Dutch Prime Minister Mark Rutte has met Russian President Vladimir Putin to demand “maximum co-operation” in the probe into doomed Malaysia flight MH17.
“I have just spoken to President Putin in Milan and demanded maximum co-operation in resolving the MH17 disaster,” Rutte tweeted on Thursday night.
Dutch media said Rutte spoke to Putin on the sidelines at the high-level Asia-Europe (ASEM) summit which opened on Thursday.
“It is an emotional subject and of course I am angry at all parties who have made it impossible to start work in at the crash site,” Rutte also wrote on his Facebook page.
“But it’s now up to us to reach our goal. I’ll use every opportunity to highlight the issue,” he added.
Australian Foreign Minister Julie Bishop is also at the summit has was criticised by Australian press this morning for missing an opportunity to “shirtfront” the Russian President for his role in the MH17 tragedy.
Fairfax has today reported that Ms Bishop was in the same room as Putin on Thursday night in Italy but did not see him to say anything.
Ms Bishop will deliver a speech to the summit in which she will outline Australia’s G20 priorities and efforts to boost global economic growth.
But she said she would also be using it as an opportunity to talk about Ukraine as well as the threat posed by Islamic State in Iraq and Syria.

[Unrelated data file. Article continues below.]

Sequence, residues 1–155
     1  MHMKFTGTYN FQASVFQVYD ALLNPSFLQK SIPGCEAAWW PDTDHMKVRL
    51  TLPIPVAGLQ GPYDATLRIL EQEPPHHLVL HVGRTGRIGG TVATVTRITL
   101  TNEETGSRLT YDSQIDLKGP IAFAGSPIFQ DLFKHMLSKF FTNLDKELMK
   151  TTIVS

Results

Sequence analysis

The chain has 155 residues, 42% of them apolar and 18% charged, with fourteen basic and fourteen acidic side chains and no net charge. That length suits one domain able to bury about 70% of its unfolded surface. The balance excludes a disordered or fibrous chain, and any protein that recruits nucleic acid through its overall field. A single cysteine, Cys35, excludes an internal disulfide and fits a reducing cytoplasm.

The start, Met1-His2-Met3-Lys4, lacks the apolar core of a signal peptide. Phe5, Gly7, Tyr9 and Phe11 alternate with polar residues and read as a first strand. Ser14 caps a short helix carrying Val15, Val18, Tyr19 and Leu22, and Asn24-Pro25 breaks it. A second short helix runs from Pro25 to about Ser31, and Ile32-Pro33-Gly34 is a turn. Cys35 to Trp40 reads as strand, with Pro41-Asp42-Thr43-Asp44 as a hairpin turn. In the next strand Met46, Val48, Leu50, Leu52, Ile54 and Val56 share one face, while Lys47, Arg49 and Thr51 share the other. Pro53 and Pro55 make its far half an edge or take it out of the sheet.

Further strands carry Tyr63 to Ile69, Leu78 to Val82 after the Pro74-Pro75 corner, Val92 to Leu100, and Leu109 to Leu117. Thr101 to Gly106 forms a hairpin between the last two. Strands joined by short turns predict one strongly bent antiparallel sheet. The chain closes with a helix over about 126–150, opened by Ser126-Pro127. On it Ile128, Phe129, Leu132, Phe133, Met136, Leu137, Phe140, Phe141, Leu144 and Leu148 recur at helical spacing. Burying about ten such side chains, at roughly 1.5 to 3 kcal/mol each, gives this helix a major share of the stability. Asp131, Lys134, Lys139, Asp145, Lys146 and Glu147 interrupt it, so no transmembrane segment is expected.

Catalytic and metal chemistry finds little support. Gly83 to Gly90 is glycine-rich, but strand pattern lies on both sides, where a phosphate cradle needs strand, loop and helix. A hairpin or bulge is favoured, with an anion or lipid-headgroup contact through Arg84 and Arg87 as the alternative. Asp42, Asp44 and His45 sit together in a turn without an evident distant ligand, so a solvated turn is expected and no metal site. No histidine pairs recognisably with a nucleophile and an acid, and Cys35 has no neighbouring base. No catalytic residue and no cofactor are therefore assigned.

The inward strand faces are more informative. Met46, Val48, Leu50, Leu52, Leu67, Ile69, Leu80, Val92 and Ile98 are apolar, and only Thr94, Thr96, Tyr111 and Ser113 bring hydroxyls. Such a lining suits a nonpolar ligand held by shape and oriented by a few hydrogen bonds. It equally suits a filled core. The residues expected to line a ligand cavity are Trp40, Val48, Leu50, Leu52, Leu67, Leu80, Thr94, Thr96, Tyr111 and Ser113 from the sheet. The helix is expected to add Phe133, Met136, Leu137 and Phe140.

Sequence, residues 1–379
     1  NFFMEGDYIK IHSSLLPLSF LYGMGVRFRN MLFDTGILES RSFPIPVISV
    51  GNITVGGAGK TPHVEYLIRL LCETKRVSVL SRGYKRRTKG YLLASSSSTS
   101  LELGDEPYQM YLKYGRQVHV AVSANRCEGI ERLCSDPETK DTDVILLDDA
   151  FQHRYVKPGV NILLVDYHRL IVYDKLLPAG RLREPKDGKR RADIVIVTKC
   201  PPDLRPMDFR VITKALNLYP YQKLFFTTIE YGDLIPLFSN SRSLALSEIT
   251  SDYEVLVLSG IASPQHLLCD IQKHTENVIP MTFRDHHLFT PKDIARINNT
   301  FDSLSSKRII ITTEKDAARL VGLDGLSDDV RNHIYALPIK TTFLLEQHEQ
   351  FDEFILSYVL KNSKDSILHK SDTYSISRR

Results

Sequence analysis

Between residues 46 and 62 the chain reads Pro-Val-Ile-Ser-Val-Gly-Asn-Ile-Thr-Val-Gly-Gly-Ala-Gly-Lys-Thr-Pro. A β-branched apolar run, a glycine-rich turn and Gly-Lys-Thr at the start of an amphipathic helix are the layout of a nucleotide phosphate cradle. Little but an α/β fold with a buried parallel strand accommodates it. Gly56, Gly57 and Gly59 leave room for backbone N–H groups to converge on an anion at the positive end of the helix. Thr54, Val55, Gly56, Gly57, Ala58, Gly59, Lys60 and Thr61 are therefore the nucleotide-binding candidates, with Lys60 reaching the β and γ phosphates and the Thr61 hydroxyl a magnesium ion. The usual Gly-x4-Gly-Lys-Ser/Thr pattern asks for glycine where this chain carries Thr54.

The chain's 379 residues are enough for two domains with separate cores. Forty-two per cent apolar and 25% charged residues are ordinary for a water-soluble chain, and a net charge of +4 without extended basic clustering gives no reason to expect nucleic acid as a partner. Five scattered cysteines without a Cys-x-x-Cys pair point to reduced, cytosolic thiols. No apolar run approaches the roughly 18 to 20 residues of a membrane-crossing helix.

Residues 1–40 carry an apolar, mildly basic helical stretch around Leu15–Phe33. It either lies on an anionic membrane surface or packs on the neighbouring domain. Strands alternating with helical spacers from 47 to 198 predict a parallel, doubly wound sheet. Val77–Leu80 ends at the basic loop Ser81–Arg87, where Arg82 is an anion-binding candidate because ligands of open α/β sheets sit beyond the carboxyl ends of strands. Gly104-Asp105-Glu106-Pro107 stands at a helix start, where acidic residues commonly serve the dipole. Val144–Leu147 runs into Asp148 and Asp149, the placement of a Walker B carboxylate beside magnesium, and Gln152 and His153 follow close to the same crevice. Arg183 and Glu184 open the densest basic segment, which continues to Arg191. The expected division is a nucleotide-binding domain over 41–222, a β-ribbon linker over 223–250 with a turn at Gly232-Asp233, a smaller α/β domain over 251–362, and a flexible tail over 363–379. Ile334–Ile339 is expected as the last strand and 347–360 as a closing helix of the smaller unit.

It is unclear when and where Ms Bishop may be able to meet with Mr Putin during the summit.
Four Dutch experts on Monday returned to the crash site in pro-Moscow rebel-held territory in eastern Ukraine, but Dutch officials including Rutte have lamented the lack of proper access to the site.
Dutch forensic experts called off their search of the area in early August because of the ongoing fighting between Kiev and pro-Russian separatists.
A fragile truce has been agreed in the area, with Ukrainian and Russian officials trying to shore up the ceasefire.
Flight MH17 was shot down on July 17 while flying over insurgent-held territory in conflict-racked eastern Ukraine, killing all 298 passengers on board, including 153 Dutch citizens and 38 Australian citizens and residents.
The Netherlands is in charge of identifying the bodies and probing what caused the crash. A total of 272 of the dead have so far been identified.
The findings of an initial report by a Dutch-led team of air crash investigators appear to back up claims that the plane was hit by an anti-aircraft missile.